Supersonic phenomena and nanoelectronics

Friday, 28 October, 2016

Freak waves, as well as other less striking localised excitations, occur in nature at every scale. Now, European researchers have found that these phenomena could play a significant role at the quantum scale in nanoelectronics.

Spontaneously localised excitations may either be pinned to a crystal lattice — known as discrete breathers — or alternatively may travel, and are then referred to as solitons or spontaneous solitary excitation waves. Researchers led by Manuel G Velarde, from the Pluridisciplinary Institute at the University Complutense of Madrid, clarified the differences between these two types of excitations through a computer simulation, following a strong initial external pulse on a single lattice unit.

The study authors focused on the relative influence of the forces leading to these excitations as a result of on-site and intersite vibrations (corresponding to individual lattice units and relative displacements of units, respectively). Under certain conditions, they found that the discrete breathers evolve into a genuine soliton, moving at supersonic speed within the lattice.

These findings confirm that solitons can be used as natural carriers of energy, matter or electric charge (in the latter case, by transferring the soliton-like motion to the charges, allowing them to ‘surf’ on the soliton wave). Meanwhile, discrete breathers are natural traps for energy and can also be used as electric charge carriers under certain conditions. The study results, published in the journal EPJ B, could lead to applications such as transistors with extremely low heat dissipation not using silicon.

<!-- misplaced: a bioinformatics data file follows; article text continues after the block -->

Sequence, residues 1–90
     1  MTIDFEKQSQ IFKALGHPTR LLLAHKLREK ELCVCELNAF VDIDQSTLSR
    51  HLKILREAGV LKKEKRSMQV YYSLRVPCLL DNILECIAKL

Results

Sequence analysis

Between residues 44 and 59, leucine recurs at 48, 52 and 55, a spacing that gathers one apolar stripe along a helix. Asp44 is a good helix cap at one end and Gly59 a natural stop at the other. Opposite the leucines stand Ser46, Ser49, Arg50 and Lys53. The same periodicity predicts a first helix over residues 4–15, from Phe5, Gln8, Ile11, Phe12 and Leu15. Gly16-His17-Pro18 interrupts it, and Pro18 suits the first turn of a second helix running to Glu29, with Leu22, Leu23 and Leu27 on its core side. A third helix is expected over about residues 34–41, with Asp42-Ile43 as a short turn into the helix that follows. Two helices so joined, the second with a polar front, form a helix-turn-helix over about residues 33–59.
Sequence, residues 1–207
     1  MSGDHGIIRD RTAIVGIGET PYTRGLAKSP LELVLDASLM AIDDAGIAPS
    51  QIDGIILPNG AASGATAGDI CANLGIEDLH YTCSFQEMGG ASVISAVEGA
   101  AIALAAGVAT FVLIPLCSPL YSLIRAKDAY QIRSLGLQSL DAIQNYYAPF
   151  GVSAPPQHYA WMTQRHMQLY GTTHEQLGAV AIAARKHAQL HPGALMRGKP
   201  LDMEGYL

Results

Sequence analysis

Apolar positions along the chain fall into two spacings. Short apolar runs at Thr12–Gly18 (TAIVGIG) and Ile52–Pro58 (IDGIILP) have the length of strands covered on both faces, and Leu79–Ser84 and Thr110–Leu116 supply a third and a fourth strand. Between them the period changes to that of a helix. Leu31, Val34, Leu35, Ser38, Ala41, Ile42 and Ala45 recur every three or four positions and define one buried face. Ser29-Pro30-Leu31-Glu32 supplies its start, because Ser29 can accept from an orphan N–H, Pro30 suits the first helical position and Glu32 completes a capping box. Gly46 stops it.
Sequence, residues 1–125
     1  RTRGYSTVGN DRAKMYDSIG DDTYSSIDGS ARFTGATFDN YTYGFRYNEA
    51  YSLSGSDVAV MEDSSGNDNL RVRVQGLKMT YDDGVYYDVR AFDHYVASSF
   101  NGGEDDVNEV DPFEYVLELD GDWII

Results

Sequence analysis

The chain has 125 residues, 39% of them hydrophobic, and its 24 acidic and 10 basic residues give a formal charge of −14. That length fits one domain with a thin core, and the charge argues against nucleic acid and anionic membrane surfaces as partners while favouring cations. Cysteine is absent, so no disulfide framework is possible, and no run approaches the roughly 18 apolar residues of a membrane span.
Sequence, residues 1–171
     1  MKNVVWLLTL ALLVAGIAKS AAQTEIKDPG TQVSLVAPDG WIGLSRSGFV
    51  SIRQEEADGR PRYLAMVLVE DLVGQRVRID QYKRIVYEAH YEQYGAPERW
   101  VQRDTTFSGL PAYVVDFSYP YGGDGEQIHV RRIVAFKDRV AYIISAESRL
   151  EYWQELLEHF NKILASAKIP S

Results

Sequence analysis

Related News

Stretchable, self-healing material lights up

A new stretchable material, when used in light-emitting capacitor devices, enables highly visible...

Pure red LEDs made from nitride semiconductors

Pure red LEDs are vital for building the next generation of energy-efficient micro-LED displays...

Electronics that mimic the human brain

The neuromorphic memristor, or 'memory transistor', runs extremely efficiently on very...

  • All content Copyright © 2020 Westwick-Farrow Pty Ltd